The Anne Frank House in Amsterdam is an interesting museum in which guests are provided with a chance to envision what occurred at the house in the past. The rooms of the house’s Secret Annex have been carefully preserved in their original state. These rooms are empty due to their furniture being carted away after the family’s arrest. Salvaged objects and documents that belonged to the the people in hiding in the Secret Annex are on display at the museum.

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The front of the Anne Frank House, where Otto Frank had his office and helpers worked, has been restored to the atmosphere and style of the period of hiding. Visitors can now feel as if they are personally involved in what happened at the house. The story is shared through snippets of Anne Frank’s diary as a reference. Original photographs, documents, and objects showcased in the exhibits act to strengthen her personal account of hiding, as well as deportation to the concentration camps. The Anne Frank House museum also features three short videos that put the personal story into a historical context.

Several personal items and documents that belonged to members of the Frank family, as well those of other people who were in hiding in the Secret Annex and the helpers have been carefully preserved. These items are now make up a special collection: the Anne Frank House’s museum collection. Some of these objects can be viewed on display in the temporary and permanent exhibits at the museum.

The most well known object from the museum collection is the green and red checked diary that was used by Anne Frank during the time she was in hiding. This diary is on display permanently, along with some of her other writings. Several other items in the collection have a direct relationship with the helpers and other people who were in hiding. Other objects found within the museum collection are associated with the diary’s success, such as the film and the stage play “The Diary of Anne Frank.”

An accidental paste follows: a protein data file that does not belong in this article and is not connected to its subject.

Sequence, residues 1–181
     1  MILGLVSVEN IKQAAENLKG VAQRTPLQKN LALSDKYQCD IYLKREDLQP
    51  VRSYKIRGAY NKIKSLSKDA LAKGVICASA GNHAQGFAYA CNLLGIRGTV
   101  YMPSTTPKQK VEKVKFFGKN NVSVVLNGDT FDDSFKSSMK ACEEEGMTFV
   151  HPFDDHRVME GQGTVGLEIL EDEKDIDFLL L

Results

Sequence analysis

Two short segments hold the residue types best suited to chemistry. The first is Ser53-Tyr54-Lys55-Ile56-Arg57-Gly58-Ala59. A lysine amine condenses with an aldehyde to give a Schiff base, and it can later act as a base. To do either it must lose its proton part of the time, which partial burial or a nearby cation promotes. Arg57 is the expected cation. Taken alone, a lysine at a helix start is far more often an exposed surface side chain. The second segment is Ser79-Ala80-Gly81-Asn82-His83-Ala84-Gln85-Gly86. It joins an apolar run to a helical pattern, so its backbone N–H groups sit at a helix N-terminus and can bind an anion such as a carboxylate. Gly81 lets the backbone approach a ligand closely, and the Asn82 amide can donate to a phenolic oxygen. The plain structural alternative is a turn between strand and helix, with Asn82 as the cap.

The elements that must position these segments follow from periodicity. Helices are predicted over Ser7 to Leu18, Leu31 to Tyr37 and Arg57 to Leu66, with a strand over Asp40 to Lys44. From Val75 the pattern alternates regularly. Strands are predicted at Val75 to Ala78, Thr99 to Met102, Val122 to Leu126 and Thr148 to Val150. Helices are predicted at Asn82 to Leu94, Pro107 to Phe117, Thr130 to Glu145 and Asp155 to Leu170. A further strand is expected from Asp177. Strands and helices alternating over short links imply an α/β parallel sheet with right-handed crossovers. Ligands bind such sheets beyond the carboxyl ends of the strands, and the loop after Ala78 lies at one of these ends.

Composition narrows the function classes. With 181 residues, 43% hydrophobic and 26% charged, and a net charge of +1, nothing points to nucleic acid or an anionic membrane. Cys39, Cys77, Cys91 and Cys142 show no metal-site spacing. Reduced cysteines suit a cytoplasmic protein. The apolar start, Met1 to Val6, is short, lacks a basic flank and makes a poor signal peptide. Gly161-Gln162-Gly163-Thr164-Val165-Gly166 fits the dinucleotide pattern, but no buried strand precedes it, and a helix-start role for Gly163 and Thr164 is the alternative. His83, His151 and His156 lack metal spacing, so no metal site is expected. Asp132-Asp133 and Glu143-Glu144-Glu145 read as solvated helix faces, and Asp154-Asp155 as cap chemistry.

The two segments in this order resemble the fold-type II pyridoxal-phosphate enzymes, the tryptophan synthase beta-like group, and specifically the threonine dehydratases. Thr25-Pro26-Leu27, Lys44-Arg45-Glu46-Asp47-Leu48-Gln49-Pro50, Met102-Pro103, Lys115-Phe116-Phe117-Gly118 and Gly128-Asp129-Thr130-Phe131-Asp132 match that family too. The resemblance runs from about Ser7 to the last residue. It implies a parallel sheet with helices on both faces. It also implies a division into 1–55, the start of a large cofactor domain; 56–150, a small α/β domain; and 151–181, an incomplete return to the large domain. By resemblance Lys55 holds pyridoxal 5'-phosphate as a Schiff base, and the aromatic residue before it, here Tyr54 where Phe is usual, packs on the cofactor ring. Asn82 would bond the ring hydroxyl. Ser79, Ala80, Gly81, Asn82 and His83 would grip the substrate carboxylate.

In March of the year 1944, Anne Frank heard that people’s diaries would be collected after World War II. She then decided to rewrite her entire diary, since her dream was to be a famous journalist and writer. The rewritten version of her diary is comprised of two hundred and fifteen loose sheets of paper. Twenty of these sheets are displayed on rotation in the Anne Frank House. There are two additions books written by Anne Frank on display as well. Her “Tales Book” includes short stories she wrote herself, and her “Favorite Quotes Notebook” features quotes she had liked and written down. UNESCO added the manuscripts of Anne Frank to its World Documentary Heritage List in 2009.

Next door to the former office of Otto Frank, the old house on the canal side has been completely renovated. In this house, visitors can learn more about Anne Frank’s diary, as well as its significance. The original diaries, as well as other writings by Anne Brank, are on permanent display at the Anne Frank House museum. There is also a bookshop and a cafe.

Prinsengracht 267, Amsterdam, Netherlands, Phone: 31-2-05-56-71-05

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